Paving The Way To Innovate - 15 September 2017
Innovation is fundamental to drive future productivity in Australia.
A recent report predicted that fintech sector revenues will see rapid growth of 75% each year reaching a value of $4.2 billion by 2020. The Government took steps in 2016 and 2017 to help early-stage innovation companies (ESICs) and fintech businesses.
If you want to capitalise on the benefits available, we can help you to understand changes to the rules and to the tax law.
Back in 2016, the Government showed its support for such innovation by proposing:
- 2016 tax incentives for early-stage investors;
- amendments to the venture capital measures to assist with raising funds;
- to limit the requirement for employee share scheme (ESS) disclosure documents to be made public by start-ups;
- to relax the “same business test” by introducing a “similar business test”; and
- to allow taxpayers to assess the effective life of most intangible depreciating assets.
You may want to work out if you are an early-stage innovation company (it might be appropriate to gain clarification on this from us). Alternatively, you may wish to invest in such a company. Speak to us if you need to make sense of the various investment tax exemptions, including the 20% tax offset for early-stage investments and the CGT exemption for direct and indirect investments.
Fintech versus traditional banking
Fintech start-ups are set to redefine financial services and the way in which we save, borrow, and invest money. The Government has shown that it wants to break down current barriers to welcome new financial services into the marketplace. Existing barriers include the limitation on closely-held ownership in the banking sector, prohibition on the use of the word ‘bank’, and complex bank licensing processes. Working with APRA, the Government will remove such barriers to foster greater competition in the market. This will lead to lower prices, better service and greater banking choice for customers.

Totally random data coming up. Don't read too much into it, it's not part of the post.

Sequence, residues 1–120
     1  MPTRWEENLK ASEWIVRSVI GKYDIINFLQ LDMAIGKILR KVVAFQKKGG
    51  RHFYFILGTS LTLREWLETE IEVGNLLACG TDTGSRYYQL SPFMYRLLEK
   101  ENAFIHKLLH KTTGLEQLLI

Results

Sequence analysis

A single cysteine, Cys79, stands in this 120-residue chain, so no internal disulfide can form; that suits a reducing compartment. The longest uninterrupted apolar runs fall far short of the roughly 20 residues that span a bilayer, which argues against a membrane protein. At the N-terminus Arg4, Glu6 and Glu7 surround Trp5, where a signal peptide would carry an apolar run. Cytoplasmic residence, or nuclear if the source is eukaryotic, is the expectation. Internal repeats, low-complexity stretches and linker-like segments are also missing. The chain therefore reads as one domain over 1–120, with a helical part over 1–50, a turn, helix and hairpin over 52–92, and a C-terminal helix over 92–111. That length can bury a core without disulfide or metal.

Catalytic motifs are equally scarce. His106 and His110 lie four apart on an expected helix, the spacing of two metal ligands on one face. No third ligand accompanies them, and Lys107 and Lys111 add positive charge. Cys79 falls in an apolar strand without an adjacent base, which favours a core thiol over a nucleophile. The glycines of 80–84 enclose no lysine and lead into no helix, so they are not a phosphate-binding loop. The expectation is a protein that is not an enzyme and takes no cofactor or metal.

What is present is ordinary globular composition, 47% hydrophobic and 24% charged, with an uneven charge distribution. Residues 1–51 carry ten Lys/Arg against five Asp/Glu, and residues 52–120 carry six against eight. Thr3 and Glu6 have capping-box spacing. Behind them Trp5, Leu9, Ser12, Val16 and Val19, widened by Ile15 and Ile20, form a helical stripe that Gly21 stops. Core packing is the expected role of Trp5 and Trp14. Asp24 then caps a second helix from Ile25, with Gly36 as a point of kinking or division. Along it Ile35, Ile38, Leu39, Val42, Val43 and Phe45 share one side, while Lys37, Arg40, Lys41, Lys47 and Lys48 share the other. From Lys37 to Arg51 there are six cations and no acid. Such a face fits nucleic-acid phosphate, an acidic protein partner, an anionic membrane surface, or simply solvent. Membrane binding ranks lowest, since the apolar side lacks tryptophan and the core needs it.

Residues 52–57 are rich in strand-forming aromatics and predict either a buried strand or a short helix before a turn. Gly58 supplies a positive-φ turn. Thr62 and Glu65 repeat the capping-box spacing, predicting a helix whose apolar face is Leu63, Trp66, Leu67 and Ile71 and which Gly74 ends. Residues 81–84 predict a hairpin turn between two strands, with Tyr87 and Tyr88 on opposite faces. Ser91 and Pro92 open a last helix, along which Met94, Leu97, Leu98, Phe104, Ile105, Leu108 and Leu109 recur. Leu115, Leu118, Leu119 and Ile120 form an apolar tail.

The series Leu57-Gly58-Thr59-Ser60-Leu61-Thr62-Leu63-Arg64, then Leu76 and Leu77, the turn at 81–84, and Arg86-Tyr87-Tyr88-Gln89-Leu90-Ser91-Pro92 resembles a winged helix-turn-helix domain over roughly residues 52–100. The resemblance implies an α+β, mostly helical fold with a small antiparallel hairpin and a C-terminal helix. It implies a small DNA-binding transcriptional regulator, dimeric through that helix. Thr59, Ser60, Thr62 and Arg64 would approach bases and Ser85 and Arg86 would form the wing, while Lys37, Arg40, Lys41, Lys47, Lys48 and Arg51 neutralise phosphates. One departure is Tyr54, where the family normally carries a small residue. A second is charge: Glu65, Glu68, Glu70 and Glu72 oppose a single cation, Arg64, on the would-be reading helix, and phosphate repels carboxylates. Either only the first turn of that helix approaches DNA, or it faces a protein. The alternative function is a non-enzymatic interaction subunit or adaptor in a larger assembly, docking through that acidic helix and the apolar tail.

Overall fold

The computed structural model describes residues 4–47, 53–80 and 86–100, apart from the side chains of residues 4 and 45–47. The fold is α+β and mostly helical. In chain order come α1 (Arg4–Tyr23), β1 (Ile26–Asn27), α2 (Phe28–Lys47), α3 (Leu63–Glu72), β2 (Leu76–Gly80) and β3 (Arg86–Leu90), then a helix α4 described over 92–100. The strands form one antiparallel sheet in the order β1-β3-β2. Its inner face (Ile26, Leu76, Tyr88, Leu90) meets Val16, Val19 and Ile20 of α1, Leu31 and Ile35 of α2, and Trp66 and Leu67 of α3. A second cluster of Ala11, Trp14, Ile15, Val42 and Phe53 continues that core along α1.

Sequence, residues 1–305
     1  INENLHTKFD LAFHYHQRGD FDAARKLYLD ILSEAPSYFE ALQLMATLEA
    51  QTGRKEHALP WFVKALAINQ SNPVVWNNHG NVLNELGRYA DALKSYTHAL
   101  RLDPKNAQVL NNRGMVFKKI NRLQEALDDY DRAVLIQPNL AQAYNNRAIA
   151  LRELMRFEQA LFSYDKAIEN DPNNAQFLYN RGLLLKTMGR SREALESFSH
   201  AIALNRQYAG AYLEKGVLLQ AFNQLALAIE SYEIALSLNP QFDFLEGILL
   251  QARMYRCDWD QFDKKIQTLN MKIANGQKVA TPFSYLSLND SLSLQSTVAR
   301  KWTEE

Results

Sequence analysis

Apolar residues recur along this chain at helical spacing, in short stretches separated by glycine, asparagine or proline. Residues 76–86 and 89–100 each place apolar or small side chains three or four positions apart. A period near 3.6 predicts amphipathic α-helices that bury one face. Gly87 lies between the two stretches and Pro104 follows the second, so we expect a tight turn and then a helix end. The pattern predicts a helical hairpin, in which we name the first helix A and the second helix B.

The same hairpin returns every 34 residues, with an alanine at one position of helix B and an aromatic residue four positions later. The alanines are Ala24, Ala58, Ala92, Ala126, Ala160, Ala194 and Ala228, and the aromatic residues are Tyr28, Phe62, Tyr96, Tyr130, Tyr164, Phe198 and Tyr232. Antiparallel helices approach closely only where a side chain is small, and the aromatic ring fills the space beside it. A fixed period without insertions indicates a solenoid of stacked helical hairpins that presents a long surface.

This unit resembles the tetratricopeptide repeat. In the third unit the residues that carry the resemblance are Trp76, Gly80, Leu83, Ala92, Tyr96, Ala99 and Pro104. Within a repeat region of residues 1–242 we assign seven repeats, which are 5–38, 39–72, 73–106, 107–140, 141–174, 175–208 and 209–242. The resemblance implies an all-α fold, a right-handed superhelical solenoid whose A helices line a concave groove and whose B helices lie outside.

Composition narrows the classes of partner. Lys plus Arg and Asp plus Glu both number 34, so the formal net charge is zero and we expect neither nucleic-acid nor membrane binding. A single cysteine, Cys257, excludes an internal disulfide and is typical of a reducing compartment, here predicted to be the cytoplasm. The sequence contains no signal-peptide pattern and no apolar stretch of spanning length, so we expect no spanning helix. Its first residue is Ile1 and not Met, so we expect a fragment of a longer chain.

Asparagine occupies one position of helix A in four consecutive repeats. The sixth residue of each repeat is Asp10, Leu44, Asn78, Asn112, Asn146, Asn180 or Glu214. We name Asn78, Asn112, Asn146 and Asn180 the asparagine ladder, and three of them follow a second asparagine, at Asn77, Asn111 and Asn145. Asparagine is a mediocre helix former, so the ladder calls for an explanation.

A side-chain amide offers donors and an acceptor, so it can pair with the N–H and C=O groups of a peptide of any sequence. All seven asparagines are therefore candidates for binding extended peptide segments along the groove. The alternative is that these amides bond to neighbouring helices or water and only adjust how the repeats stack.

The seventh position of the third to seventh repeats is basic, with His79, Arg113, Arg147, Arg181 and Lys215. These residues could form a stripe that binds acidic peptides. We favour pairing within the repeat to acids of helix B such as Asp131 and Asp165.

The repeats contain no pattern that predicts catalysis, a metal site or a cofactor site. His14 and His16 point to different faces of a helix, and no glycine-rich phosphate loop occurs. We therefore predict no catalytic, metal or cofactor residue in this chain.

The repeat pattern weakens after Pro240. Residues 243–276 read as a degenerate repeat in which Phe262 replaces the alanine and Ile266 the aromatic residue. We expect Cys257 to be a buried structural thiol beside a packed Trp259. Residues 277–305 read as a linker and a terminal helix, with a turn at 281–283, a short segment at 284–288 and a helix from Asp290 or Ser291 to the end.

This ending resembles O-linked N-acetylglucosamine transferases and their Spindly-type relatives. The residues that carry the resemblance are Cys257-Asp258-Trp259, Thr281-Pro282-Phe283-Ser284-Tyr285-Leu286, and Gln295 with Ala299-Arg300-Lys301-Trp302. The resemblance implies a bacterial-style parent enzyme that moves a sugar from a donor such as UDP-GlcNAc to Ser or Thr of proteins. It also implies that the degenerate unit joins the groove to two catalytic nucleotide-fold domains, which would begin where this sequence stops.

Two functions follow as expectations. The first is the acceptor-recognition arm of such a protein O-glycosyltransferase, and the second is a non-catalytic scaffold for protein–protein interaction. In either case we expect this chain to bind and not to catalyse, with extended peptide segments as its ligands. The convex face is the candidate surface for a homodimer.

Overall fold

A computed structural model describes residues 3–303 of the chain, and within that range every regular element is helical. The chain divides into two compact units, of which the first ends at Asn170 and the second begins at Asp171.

Building on earlier incentives
Crowd-sourced funding made easier
Recent draft legislation proposes to open up crowd-sourced funding (CSEF) to a wider range of businesses providing additional sources of capital. Proprietary companies who use this form of funding can have an unlimited number of shareholders. Such shareholders will be protected by the higher governance and reporting obligations that CSEF proprietary companies are obliged to meet, which includes:
- having a minimum of two directors;
- conducting financial reporting in accordance with accounting standards;
- meeting audit requirements;
- observing restrictions on related party transactions; and
- granting minimum shareholder rights to participate in exit events.
Removing double taxation
In the past, purchasers of digital currency have paid goods and services tax (GST) twice, first on the initial purchase and again on the exchange of such currency for other goods or services subject to GST. From 1 July, if you are buying digital currency, you will not have to pay GST on any purchases of digital currency you make. This will make it easier to operate if you are dealing in digital currency.
Testing makes perfect
Being able to test out your new fintech offering or service is vital to ensure your success. In support of this, the Government will introduce an improved regulatory “sandbox”, aimed at financial services, to allow you to test such services first – without a licence – in a timeframe over two years. Protections and disclosure requirements will be in place to safeguard consumers.
Want to find out more?
Further incentives are likely to be forthcoming to early-stage innovation, especially within the fintech sector. We will keep you abreast of such changes as they happen.
If you are thinking of starting up a new digital business, if you plan to launch a new financial product or service, or to invest in one, and you want to make the most of the new incentives, talk to us first.
15 September 2017
Disclaimer: The information on this page is for general information purposes only and is not specific to any particular person or situation. There are many factors that may affect your particular circumstances. We advise that you contact Mathews Tax Lawyers before making any decisions.